German pastries at Backerin

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After studying bakery in Germany, Lee Ho-kyoung opened Backerin at Samseong-dong in Seoul in July 2020 (Photo credit: @backerin_seoul)

After learning to bake bread in Germany, chef-owner Lee Ho-kyoung opened a small bakery, christening it Backerin, in Samseong-dong in Seoul in July 2020.

From her small perch, she sold her German bread – several varieties of pretzels and brotchen – and sweets like her fluffy lemon mini gugelhupfs.

Even before Lee opened Backerin, she loved bread.

“While living in Korea, I already loved bread so much that I used to bake bread at home on occasion,” Lee, 30, revealed in an email interview.

Then, at university, Lee went to study abroad in Germany.

“In Germany, I ate bread for meals and as snacks,” Lee recalls.

Her stay in Germany stayed with her and after returning to South Korea and graduating, Lee decided to enroll in a national vocational school in Germany to study baking.

While studying there, Lee also worked in a bakery.

After studying bakery in Germany, Lee Ho-kyoung opened Backerin at Samseong-dong in Seoul in July 2020 (Photo credit: @backerin_seoul)

After studying bakery in Germany, Lee Ho-kyoung opened Backerin at Samseong-dong in Seoul in July 2020 (Photo credit: @backerin_seoul)

When Lee returned to Korea, she had a clear idea of ​​where she wanted to open, “a bakery that made delicious sweet and savory breads with honest ingredients like the bread I made for my family and friends. friends”.

Lee says she uses organic flour, German rye, Korean whole wheat, organic German whole wheat, natural sourdough, commercial fresh yeast and cultured butter to make her baked goods at Backerin.

At Backerin's, Lee Ho-kyoung sells his German bread - several varieties of pretzels and brotchen - and sweets like his mini lemon gugelhupfs.  (Photo credit: @backerin_seoul)

At Backerin’s, Lee Ho-kyoung sells his German bread – several varieties of pretzels and brotchen – and sweets like his mini lemon gugelhupfs. (Photo credit: @backerin_seoul)

“I use a German natural butter made using lactic acid to ferment it,” Lee explained.

There is a very warm, down-to-earth vibe at Lee Bakery, which offers no seating, only a long counter with treats for the carb lovers to take out.

If we visit Backerin’s Instagram account, we can find out which breads will be sold on the day and when those breads will be ready to go.

For example, one morning in particular, Backerin’s salted butter stangen came out of the oven a little after 11:30 a.m. out of the kitchen – a tray filled with warm, chewy, chewy buns with chunks of melted butter tucked into it. each center.

Backerin's Salted Butter Stangen are warm, soft, and chewy croissant buns with chunks of melted butter tucked into each center.  (Photo credit: @backerin_seoul)

Backerin’s Salted Butter Stangen are warm, soft, and chewy croissant buns with chunks of melted butter tucked into each center. (Photo credit: @backerin_seoul)

When crafting her non-traditional salted butter stangen, Lee revealed that she was inspired by salzstange, a German bread sprinkled with salt that can be enjoyed with butter.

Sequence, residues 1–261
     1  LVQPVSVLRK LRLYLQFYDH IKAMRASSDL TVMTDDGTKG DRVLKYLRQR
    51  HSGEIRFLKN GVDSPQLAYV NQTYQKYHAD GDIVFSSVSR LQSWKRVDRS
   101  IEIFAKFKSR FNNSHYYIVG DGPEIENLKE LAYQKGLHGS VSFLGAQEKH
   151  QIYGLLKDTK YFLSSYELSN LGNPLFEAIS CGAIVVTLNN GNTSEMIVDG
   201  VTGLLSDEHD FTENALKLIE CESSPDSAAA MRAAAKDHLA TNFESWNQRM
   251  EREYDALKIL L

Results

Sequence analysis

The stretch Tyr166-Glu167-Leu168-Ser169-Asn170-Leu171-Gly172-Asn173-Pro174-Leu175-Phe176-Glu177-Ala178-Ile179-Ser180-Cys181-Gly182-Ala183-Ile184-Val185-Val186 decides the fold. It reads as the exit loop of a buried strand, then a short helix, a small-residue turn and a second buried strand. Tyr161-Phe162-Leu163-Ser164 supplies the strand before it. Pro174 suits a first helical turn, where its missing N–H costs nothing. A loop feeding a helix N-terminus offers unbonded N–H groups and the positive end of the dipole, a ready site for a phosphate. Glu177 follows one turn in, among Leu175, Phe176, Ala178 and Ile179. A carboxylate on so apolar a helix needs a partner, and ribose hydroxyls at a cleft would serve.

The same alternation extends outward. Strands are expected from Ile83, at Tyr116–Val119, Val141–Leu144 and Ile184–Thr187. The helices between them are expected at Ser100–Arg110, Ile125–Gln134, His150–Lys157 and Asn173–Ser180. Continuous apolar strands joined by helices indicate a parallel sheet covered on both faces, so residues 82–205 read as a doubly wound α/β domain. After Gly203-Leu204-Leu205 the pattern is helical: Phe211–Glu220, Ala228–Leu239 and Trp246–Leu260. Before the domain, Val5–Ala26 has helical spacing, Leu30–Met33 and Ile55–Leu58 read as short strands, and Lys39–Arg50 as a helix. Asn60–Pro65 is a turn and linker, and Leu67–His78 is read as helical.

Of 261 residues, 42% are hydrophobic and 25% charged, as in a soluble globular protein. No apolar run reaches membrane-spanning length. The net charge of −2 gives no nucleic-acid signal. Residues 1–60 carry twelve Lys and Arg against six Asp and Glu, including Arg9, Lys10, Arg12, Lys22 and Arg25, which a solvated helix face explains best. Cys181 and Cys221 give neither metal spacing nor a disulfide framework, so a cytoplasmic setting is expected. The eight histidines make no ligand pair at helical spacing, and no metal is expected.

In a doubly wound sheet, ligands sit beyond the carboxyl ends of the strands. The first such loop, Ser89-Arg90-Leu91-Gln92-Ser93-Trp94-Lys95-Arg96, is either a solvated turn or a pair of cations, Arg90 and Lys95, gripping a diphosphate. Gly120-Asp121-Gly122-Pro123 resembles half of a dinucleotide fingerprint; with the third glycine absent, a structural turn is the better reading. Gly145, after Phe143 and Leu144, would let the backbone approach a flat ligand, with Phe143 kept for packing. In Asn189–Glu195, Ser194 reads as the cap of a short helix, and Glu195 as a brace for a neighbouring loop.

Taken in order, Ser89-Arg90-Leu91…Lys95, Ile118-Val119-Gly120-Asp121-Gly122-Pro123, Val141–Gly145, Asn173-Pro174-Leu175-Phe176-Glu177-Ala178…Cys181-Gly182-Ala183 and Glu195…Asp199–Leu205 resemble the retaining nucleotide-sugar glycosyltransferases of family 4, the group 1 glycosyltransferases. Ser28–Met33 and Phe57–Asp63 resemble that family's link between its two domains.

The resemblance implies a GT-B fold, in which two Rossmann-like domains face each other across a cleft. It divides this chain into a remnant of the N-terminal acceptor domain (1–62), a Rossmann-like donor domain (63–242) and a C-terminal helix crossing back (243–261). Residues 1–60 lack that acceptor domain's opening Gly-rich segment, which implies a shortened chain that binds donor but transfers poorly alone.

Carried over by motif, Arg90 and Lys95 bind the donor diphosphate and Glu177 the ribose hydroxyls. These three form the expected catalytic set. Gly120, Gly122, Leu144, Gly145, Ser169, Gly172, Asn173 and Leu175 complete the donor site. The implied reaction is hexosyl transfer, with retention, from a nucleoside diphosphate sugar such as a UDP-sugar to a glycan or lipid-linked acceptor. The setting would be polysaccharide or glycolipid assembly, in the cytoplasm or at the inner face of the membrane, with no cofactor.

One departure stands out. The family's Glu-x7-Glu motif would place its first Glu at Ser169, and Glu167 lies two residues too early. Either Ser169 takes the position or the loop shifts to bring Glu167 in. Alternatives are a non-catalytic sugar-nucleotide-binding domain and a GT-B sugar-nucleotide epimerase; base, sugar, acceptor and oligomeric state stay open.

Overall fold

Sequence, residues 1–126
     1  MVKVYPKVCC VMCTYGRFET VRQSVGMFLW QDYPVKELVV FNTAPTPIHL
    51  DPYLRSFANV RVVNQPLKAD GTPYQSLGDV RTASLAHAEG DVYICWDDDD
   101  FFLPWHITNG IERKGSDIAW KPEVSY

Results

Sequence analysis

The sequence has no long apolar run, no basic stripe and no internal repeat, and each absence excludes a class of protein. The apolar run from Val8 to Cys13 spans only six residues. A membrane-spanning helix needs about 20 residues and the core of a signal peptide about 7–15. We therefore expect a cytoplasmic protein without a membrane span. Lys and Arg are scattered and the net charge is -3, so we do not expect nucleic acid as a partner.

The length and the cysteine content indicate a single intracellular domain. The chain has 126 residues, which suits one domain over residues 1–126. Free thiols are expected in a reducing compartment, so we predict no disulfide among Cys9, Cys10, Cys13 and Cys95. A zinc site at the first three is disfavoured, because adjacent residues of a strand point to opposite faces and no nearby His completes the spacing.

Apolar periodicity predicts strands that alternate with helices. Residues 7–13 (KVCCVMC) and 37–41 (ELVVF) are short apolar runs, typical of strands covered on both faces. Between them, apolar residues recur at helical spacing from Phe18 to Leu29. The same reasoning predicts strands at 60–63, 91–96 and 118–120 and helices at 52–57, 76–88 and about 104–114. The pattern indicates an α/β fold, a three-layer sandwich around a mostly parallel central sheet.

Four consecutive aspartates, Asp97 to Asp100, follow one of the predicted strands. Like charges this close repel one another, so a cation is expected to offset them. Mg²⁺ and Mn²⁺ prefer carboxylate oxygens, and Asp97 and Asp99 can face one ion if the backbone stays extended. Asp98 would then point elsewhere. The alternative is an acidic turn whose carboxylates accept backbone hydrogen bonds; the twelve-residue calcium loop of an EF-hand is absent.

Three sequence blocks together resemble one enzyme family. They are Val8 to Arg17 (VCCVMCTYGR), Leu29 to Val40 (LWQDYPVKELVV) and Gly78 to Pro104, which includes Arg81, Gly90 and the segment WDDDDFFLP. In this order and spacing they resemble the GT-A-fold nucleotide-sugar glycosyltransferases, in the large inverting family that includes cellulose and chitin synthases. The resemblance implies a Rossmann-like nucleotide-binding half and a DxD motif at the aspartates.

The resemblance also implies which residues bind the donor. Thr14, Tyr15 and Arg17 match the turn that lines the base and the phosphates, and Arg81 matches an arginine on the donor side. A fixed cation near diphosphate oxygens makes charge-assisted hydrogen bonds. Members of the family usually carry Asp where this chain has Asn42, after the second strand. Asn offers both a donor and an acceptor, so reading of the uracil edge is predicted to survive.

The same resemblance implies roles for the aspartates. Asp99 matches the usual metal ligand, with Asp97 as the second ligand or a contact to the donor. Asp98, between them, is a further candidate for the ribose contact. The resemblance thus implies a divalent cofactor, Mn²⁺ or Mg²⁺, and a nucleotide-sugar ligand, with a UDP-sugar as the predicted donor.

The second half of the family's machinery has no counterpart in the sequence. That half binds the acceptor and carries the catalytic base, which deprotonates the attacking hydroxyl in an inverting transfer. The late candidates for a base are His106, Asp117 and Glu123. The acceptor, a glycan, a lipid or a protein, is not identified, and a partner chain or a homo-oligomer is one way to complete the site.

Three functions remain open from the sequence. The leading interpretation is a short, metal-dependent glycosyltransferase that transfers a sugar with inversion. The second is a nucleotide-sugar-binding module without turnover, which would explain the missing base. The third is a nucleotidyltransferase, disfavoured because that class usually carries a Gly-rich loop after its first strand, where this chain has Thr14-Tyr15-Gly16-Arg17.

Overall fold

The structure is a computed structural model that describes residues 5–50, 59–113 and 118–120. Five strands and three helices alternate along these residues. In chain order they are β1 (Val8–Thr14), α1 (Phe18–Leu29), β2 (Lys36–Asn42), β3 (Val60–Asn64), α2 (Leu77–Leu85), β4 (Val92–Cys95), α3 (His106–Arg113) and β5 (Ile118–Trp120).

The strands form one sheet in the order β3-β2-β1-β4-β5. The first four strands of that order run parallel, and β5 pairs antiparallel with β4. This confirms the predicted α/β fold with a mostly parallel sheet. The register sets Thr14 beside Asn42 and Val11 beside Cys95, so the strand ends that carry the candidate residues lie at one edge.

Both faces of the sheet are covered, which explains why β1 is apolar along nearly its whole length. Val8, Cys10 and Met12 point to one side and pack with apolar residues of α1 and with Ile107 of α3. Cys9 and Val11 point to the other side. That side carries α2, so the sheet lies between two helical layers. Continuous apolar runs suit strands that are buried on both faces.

“Although butter goes into this, it’s got a lot less butter than a croissant and is light and soft on the inside with a particularly chewy texture,” Lee said of his salted butter stangen.

In addition to his salted butter stangen, Lee also makes a diverse selection of pretzels, including his Backerin pretzel, which Lee says is a German pepper pretzel.

Backerin's Cinnamon Pretzels (top) are coated in butter, cinnamon, and sugar, while the bakery pretzels of the same name (bottom) are coated in ground black pepper for a boost.  (Photo credit: @backerin_seoul)

Backerin’s Cinnamon Pretzels (top) are coated in butter, cinnamon, and sugar, while the bakery pretzels of the same name (bottom) are coated in ground black pepper for a boost. (Photo credit: @backerin_seoul)

“When I lived in Germany I liked eating them the most and when I came back I couldn’t find a place that sold them,” Lee explained.

Lee says his pepper pretzels are topped with ground black pepper, which gives the pretzels a slight fire.

Indeed, there is a lovely warmth in her shiny and browned Backerin pretzels, which are soft and chewy in the center.

Backerin's Sweet Cinnamon Pretzels are glossy with a layer of butter before being generously topped with a second layer of cinnamon and sugar.  (Photo credit: @backerin_seoul)

Backerin’s Sweet Cinnamon Pretzels are glossy with a layer of butter before being generously topped with a second layer of cinnamon and sugar. (Photo credit: @backerin_seoul)

Lee also makes deliciously sweet cinnamon pretzels, which are shiny from a layer of butter before being generously topped with a second layer of cinnamon and sugar.

Then there is his brotchen, German buns, with a nice thin, cracked crust and a soft, airy center and his miniature lemon gugelhupf.

Lee revealed that she infused the dough of these citrus mini cakes with lemon zest and added lemon juice to the frosting to give her cupcakes their zest.

For the winter, Lee also revealed his intention to do stollen.

Backerin

1F, 33-14 Samseong-dong, Gangnam-gu, Seoul

(0507) 1309-7960; @backerin_seoul

Open Wednesday to Saturday from 11:30 a.m. to 7 p.m.

Bread and baked goods cost between 2,500 and 9,000 won.

By Jean Oh ([email protected])


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